Sunday, July 31, 2011

From a Hebron Jew at Cufi Rabbi Jonathan Gnsburg

The Wilder Way Jer Post Blog
Sunday Jul 31, 2011

Christians and Jews united for Israel

This has been festering in me for the past week or so. I couldn’t decide whether to write it or not; I know it will bother some people. But I have to get it out – and probably post. Whoever is upset, well, that’s their problem.

Last week I attended, for the second time, CUFI, that is, Christians United for Israel, in Washington, DC. My friend Mike, from Amarillo, Texas, invited me to join him, and I took him up on the offer. As it was two years ago, so too this year. An amazing experience.

Somewhere in the vicinity of 5,500 people, including a group of Jews, mostly orthodox, as well as a contingent from Israel, congregated at the Washington Convention Center for three days. People from all over the world. That’s a lot of people. And a lot of money. The personal investment, paying for registration, hotels, food, for three days. Many of those attending are couples.

They come from all denominations of Christianity. In other circumstances, you would be hard-pressed to find all of them sitting together. Their beliefs and traditions differ, from person to person, from church to church, from institution to institution. This, not my invention, but as expressed (in my words) by Pastor John Hagee, founder and executive director of CUFI. However, they all have a nucleus binding then together, unifying them, and that, in one word, is Israel.

At an event as this, so much is impressive. The number of people, the speakers, (the best of the best, Christian and Jewish). But one emotion overshadows everything else, and that, in one word, is love.

I know there are many reading this, (and who will refuse to read it) who will be skeptical. Or perhaps suspicious is a better word. After all, in the eyes of many, all Christians are suspect. After 2,000 years of persecution and anti-Semitism, after holocaust following holocaust, (and in reality, there were many of them), while dealing with continued missionary activity, whereby Christian organizations attempt to supposedly steal Jewish souls, how can any of them be trusted?

I know, they believe things that I don’t. Each sect has its own set of rules and beliefs. There are those who wear crosses and others who reject it. Some churches are full of pictures, icons and crucifixes. Others have bare walls, without any of the above. Just about all of them maintain a basic belief, one way or the other, in Jesus. Jews don’t. Jews don’t believe in any of the above. According to major Jewish scholars, over the centuries, for a Jew, this is idol worship, as is forbidden in the Torah. However, they also rule that for non-Jews, much of this is (according to Jewish law) acceptable. Our theologies are different; each to his own. Of course, what is unacceptable are attempts by other religions to try and ‘convert Jews.’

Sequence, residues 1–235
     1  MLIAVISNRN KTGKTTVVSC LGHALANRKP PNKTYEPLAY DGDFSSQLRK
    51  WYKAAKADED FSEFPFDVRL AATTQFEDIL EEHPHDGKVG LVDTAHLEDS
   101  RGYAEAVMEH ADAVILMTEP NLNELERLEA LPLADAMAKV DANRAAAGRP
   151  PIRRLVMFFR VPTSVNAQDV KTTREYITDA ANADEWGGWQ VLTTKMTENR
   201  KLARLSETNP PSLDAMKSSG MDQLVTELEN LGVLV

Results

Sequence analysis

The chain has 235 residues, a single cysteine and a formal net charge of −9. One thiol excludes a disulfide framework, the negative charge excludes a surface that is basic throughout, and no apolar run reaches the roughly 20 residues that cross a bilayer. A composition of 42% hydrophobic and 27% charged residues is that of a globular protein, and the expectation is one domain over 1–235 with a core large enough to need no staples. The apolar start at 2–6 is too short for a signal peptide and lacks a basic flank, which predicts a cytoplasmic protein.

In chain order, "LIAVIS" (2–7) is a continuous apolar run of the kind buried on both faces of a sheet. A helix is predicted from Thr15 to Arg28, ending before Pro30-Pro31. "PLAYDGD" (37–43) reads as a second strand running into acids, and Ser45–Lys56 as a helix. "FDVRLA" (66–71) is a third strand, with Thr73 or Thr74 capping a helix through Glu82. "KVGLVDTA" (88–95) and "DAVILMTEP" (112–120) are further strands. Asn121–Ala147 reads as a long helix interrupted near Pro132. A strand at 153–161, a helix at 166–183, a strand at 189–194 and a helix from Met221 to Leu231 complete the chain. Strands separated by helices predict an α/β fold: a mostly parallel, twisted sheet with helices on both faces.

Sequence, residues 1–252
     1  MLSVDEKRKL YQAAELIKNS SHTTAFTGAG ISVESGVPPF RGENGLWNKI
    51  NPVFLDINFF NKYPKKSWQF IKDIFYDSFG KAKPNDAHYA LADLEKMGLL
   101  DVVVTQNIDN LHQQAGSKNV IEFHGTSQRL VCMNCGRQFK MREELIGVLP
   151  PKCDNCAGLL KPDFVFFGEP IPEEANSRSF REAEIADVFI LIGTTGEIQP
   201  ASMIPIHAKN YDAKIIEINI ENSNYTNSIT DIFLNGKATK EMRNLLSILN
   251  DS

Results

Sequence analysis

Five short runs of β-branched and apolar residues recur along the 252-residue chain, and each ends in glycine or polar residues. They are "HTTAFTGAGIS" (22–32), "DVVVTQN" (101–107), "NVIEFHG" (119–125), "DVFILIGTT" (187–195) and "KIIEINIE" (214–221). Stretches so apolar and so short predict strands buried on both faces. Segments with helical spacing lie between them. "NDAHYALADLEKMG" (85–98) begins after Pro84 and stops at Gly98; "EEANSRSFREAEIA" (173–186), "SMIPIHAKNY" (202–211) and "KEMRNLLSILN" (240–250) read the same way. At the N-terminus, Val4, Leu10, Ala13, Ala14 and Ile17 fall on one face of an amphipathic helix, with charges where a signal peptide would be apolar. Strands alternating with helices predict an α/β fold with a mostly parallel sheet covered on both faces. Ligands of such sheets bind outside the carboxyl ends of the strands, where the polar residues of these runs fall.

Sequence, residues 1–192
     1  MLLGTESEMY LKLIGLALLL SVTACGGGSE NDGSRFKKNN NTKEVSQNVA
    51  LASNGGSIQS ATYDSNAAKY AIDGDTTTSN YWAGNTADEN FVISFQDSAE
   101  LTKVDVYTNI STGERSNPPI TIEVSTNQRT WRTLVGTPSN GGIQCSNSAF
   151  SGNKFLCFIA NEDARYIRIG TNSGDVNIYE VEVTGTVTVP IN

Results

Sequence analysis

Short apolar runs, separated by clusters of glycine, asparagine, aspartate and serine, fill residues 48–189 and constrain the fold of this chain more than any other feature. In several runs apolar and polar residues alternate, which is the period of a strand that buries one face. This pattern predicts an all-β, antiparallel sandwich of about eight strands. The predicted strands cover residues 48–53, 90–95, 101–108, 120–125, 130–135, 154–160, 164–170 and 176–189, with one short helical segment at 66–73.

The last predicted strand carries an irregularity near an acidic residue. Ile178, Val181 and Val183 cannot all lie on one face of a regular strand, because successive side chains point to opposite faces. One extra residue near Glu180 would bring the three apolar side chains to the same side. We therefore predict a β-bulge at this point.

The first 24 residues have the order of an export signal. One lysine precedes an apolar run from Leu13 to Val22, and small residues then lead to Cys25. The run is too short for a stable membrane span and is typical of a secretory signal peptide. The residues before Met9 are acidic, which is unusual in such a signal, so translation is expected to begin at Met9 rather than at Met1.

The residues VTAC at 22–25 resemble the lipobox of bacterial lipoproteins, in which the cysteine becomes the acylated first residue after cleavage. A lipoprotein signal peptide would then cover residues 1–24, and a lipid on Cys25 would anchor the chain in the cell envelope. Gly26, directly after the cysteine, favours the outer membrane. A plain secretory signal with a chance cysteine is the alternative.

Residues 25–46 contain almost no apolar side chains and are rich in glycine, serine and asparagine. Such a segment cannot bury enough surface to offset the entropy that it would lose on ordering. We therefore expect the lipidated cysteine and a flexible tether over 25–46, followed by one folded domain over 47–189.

So, the big question is, do they have an agenda? I have friends who have repeatedly told me, ‘we don’t want you to act like Christians; we want you to act like Jews. That’s who you are, that’s who you should be.’ Are there those who think we should believe like them? Probably. Why don’t they do anything about it? I’ve heard it with my own two ears. Some say, ‘that’s not our problem. When he comes back, he’ll deal with it.’ Of course, they are talking about their belief in what they call the ‘second coming.’

But so what! If that’s what they want to believe, let them. (We know better.) But what they don’t believe in is ‘replacement theology,’ that being a theory that G-d replaced the Jewish people with another. They believe, as is written in the Bible, that Jews are the apples of G-d’s eye, and whoever blesses them will be blessed, and whoever curses them will be cursed. There is full belief in the Tanach – the Bible, as they call it, ‘The Old Testament.’ They believe it, (and many know it) with all their hearts. Pastor John Hagee repeated, as he is wont to do, a most remarkable phrase: “There’s the Torah way, and there’s the wrong way!” (Let’s hear some more Jews say that!)

And their love for Israel, for the Jewish people, for the Land of Israel and the people of Israel, is overwhelming. I cannot say, 100% that there aren’t any agendas amongst any of them; I cannot read people’s hearts and minds. But the outpouring of love is much too much to be a superficial show, with all sorts of shadowy background schemes. It’s real – it’s genuine – it’s authentic. And to be blind to it, in my humble opinion, is a huge error of judgement.

I have a wonderful picture together with a Pastor named Sam Whaley from Spindale, North Carolina. He, together with his wife Jane, and other family members, came to Washington with their entire congregation, several hundred people. They set up a Holocaust memorial and exhibit honoring Israel at the entrance to the conference hall. It included models of the ‘Mishkan’ – the Tabernacle built by Moses in the desert, and Beit HaMikdash, the Temple. As featured guest speaker Glenn Beck walked through the exhibit, he wept. So did many others.